My girlfriend watched "some" pages on her iPhone and facebook.you-won.com page appeared. She didn't know how to get rid of that JavaScript alert, so she clicked OK. After that she closed the page, and sent me the link with message "what is that".

I also clicked that link she sent. In Safari I found out, that it is some phishing page, so I closed it by restarting Safari on my iPhone and before the page loaded I quickly opened "panels" and left-swiped to close that page (all before the page loaded and that JavaScript alert appeared).

Because I think it's a phishing attack that is trying to steal your ID, I have 2 questions:

  1. What can I do with HER iPhone (is restore enough to get rid of everything that could be downloaded? When she clicked OK?)

  2. What can I do with MY iPhone? (I restored and recovered last backup from last week - this "page" appeared today, is it enough that I didn't click OK?).

    • I have my work "exchange" account on the iPhone, do I have to worry?

    • I have apps that are linked to my credit account (apps from my bank), do I have to worry?

    • I have credit card information saved in the App Store, do I have to worry?

She has nothing on her phone, just Facebook and some free games, so she is without problems I guess when I recover her iPhone.

Anyway none of those devices are jailbroken. Both iPhones have their original and newest iOS.

  • 3
    I wouldn't worry about it. Apple put so much restrictions on the user himself let alone the malware would have to exploit the browser, bypass the sandboxing, perform some kind of privileges escalation and reboot the device.
    – Ulkoma
    Commented Jul 29, 2015 at 9:58

3 Answers 3


From the scenarion you describe, she rather has been a victim of a drive-by download attack that leads to installing -in most cases- adware or spyware but this attack can be even more dangerous depending on the malware that has been installed.

This attack uses the browser vulnerabilities or the browser's plugins vulnerabilities using mainly malicious obfuscated JavaScript code.

The attack can be triggered passively by a simple visit to a given webpage as it happened for example on 2011 to Amnesty International's homepage where lot of visitors got infected by simply reading articles on their homepage.

In an other scenarion, the attack needs the visitor to be active (which is the case of you describe here): the visitors sees pop-up windows that a simple click on the OK, Cancel or even Exit (X) button will trigger the attack.


The iPhone in its unjailbroken state is a highly secure platform, arguably one of the most secure. For the most part, you can’t get a drive-by download on iOS as easily as on a desktop due to the extremely good sand boxing it utilizes. Ironically, this strong sandbox model is what makes apps sharing data with each other (a perk Android users have enjoyed for some time now) so difficult to implement on iOS.

There are no antivirus products that you can install from the App Store that will actually scan your whole system. Thanks to the strong sand boxing this is impossible to implement. The most that these programs can do is scan things in your various user folders like documents and your camera roll.

As an iOS user myself, I wouldn’t worry about accidentally visiting a phishing site. As long as no user info was manually provided, everything is fine.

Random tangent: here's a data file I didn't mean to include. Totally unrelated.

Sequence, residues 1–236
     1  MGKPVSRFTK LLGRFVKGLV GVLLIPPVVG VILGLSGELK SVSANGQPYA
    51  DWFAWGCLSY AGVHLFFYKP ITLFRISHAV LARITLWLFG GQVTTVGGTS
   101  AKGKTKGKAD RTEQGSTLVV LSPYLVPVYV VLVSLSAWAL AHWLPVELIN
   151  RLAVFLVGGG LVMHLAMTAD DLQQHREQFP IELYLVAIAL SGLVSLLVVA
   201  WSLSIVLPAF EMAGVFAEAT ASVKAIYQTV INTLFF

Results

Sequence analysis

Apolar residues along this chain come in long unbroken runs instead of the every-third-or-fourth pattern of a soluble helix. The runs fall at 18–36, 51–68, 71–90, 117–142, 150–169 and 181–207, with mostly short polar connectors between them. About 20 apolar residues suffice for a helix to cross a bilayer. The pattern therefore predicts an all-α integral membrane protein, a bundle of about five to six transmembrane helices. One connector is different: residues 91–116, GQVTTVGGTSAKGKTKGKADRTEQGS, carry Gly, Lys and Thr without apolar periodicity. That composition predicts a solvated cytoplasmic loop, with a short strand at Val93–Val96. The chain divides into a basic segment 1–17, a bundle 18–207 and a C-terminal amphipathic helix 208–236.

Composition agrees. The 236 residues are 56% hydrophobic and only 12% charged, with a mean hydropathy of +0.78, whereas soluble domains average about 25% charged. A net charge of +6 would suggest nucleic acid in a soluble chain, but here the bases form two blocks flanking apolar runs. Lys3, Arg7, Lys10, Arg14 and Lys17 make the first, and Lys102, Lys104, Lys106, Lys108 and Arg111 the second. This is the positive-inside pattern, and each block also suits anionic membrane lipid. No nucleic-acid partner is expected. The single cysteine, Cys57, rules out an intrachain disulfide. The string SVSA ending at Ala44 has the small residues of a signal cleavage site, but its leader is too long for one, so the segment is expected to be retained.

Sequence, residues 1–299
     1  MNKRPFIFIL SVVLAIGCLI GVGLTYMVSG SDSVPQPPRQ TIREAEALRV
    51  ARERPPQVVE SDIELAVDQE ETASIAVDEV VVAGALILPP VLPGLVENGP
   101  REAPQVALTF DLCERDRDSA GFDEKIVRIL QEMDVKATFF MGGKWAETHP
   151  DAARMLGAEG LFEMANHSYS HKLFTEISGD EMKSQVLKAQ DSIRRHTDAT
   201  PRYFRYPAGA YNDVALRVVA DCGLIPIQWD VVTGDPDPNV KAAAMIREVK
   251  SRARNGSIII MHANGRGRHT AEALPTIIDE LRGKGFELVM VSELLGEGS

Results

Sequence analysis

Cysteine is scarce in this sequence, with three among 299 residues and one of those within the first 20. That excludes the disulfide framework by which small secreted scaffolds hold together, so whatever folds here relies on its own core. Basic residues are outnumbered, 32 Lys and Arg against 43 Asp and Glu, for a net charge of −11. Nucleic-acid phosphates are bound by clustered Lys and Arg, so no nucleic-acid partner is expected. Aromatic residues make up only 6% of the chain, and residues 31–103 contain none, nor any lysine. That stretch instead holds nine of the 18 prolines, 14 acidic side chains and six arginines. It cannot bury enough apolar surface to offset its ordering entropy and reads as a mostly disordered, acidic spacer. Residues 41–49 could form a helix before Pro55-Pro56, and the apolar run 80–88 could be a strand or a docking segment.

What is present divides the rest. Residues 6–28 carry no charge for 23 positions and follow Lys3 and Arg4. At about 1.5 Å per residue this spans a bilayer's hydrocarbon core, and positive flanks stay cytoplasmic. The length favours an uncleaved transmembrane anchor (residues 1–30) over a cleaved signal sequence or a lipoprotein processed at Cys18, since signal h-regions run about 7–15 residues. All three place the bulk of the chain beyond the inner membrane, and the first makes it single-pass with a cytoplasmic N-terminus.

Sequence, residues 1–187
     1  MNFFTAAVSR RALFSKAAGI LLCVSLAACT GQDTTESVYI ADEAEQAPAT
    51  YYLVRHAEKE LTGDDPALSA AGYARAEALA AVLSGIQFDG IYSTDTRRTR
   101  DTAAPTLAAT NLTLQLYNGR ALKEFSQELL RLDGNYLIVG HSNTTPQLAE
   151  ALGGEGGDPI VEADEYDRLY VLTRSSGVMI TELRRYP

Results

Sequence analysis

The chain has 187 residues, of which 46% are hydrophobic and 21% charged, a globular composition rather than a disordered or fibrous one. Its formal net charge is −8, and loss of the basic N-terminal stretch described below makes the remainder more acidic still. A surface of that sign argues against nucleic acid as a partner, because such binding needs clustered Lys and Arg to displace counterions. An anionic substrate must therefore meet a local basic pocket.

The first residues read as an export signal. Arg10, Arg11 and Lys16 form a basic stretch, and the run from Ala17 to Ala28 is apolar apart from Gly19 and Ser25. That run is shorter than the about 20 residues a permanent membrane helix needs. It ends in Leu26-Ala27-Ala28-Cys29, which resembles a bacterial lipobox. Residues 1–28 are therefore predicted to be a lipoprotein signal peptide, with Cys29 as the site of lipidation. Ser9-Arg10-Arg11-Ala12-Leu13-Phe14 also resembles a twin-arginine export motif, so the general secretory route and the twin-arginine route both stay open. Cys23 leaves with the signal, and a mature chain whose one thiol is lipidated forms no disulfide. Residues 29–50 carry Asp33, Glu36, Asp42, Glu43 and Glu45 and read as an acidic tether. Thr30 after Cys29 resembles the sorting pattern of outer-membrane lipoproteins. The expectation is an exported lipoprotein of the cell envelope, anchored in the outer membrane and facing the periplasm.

And while jailbreaking can make your device more unstable and less secure, properly educating yourself can do wonders to close the vulnerability gap. Not only are my own jailbroken devices more secure than normal iOS devices (thanks to security related plugins), but I even enjoy many features that Apple would rather you not have, such as ad blocking, alternative default browsers and default Google Maps. Plus nested app folders, animated GIFs in the camera roll and countless other features.

  • 4
    WHERE did you read that You can’t get a drive-by download on iOS due to the extremely good sand boxing it utilizes ??? HERE IS ONE of so many drive-by download attacks that happened on iOS. By the way, such attacks targets the vulnerabilities of browsers and their plugins, not the OS by purpose. Also, speaking about strong sandboxing: do you know that the Firefox browser you are using probably right now (as well as for Chrome, Opera ...) are also strongly sandboxed ?
    – user45139
    Commented Jul 29, 2015 at 12:28
  • Ah, yes. A flaw that was never found in the wild, for an extremely outdated version of iOS (from 2012… iOS 5, AFAIR). Any chance you could point out a non-experimental, actually-found-in-the-wild exploit? Yeah, thought so. Commented Jul 29, 2015 at 12:34
  • 3
    iOS 5 or 6 are not extremely outdated, but this is not the problem: drive-b download attacks target bulnerabilities of BROWSERS and their plugins not OS
    – user45139
    Commented Jul 29, 2015 at 12:38
  • So you are nitpicking about a version of iOS that less than 2/100 people with Apple devices still make use of? Try focusing on real-world exploits for current systems, bub. Or to use a metaphor, don’t be bringing up Roman infantry tactics in a discussion of modern military strategies. Do try to remain relevant by staying current. Commented Jul 29, 2015 at 12:52
  • 1
    Have you read my comment ? I said drive-by download attacks target BROWSERS (and their plugins) NOT operating systems !!!
    – user45139
    Commented Jul 29, 2015 at 12:55

First of all, this was some sort of malware, not phishing. Phishing is successful only when you enter your credentials thinking you're on a legitimate site.

Go to the Apple Store and install an antivirus for both of your iPhones. (Unfortunately I can't give suggestions here. Avast is the best-rated AV for Android devices; I don't know what is worth for iOS, but you could give it a try. F-Secure is a good one too.)

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